6,500 online stores breached in Volusion supply-chain attack

Customer credit card details were targeted using a malicious piece of JavaScript.
9 October 2019

The breach was first discovered on the Sesame Street online store. Source: Shutterstock

More than 6,500 online stores have been impacted by a cyberattack, which could have resulted in the theft of thousands of customers’ payment card details. 

The breach was a result of a supply-chain attack, with attackers compromising the infrastructure of Volusion, a provider of cloud-hosted online stores, which last month claimed it had 20,000 customers in a press release. 

Shoppers have spent more than US$28 million in transactions via the solution, making more than 185 million orders.

ZDNet published a link to the full list of 6,593 sites that had been breached. One of the more notable victims was the official Sesame Street online store— where an online researcher discovered the issue— among small retailers of goods such as laptop batteries, vaping supplies, and jewelry.  

Volusion presented concentrated targets

“The times of ‘we are just a small store – hackers won’t target us’ are over,” said Comforte AG’s Product Manager, Felix Rosbach on the news. Wherever they’re stored, payment card details are “extremely valuable data sets for fraudsters,” he said. 

“When hackers are able to breach cloud-based platforms— like Volusion in this case— they gain access to a huge amount of data sets by targeting hundreds of stores with a single attack.”

The incident was discovered by Marcel Afrahim, a researcher of endpoint security and malware, who unexpectedly uncovered the code while browsing the Sesame Street online store. In a Medium post (entitled ‘[…] How the cookie monster is stealing credit card info’), Afrahim explained how hackers gained access to Volusion’s Google Cloud infrastructure.

The researcher claims to have found the issue while toy shopping. Source: Shutterstock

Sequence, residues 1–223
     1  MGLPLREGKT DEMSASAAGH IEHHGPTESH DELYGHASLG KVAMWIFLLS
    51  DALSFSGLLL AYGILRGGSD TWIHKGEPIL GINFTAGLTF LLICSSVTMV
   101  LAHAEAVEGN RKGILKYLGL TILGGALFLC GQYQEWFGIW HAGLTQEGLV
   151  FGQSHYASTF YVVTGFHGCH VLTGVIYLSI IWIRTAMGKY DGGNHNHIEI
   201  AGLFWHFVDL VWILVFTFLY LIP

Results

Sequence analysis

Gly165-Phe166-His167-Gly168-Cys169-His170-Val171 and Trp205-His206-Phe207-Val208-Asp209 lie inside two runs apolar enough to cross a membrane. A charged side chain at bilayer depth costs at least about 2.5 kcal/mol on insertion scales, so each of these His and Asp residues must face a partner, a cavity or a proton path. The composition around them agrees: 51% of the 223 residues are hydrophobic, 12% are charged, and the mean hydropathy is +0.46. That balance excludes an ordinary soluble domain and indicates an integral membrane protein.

Once there, they were able to modify a JavaScript file that includes malicious code that logs details entered in online forms and injects it surreptitiously, enabling for the collection of payments data being entered at checkout.  

The discovery has been regarded as a ‘classic’ Magecart supply-chain attack, where hackers ‘skim’ credit card data from online checkouts. While these attacks have been ongoing for several years, ZDNet reports they have “intensified” in the last few years, citing a RiskIQ report that claimed to have spotted ‘skimmers’ or card-stealing scripts on more than 18,000 websites in the last few months.  

The majority of Magecart attacks target self-hosted and outdated online shops, which aren’t sufficiently protected. However, compromising cloud providers such as Volusion, as well as third-party apps, widgets and ads can provide access for malicious code to be injected. 

Cloud service supply-chain attacks

While moving to the cloud service provider may make a business more secure, Cybereason’s Chief Security Officer, Sam Curry said customers must also consider “cost to break” as the best measure of practical security.

“If moving to the cloud made you more secure— or made you more expensive to break— then being in a cluster with other valuable targets will make the other part of the equation go up too.

“In the calculation of the attacker, it’s a question of when, not if, an attack is coming after the ratio crosses a certain point,” Curry said. 

Tripwire VP, Tim Erlin agreed, adding that while offloading work for processing transactions is an investment in convenience and security (in theory), the concentration of credit card data in one place makes providers like Volusion an “attractive target”. 

The founder and CEO of web security company ImmuniWeb, Ilia Kolochenko, said the breach was “one more sharp reminder” about the risks of supply-chain attacks from third-parties and the cloud. 

“Properly implemented continuous security monitoring could have prevented this incident,” Kolochenko said, adding that while it was too premature to make any conclusions, one thing is clear; “Volusion, breached stores, their customers and banks that issued the compromised cards, are doomed for expensive and protracted litigation with numerous counter and cross-claims.”

Update (October 10, 2019): A Volusion spokesperson contacted TechHQ to state that the firm was alerted of a data security incident and “can confirm that it was resolved within a few hours of notification”; “We are coordinating with authorities on this matter, and continue to enhance our systems that detect and prevent unauthorized access to user accounts.”

Volusion added that a “limited portion” of customer information was compromised from a subset of its merchants, which included credit card information but no other personally identifying details.

“We are not aware of any fraudulent activity connected to this matter,” the firm said, adding; “Volusion has taken action to help secure accounts, and we are continuing to monitor this matter in order to assure the security of our merchants.”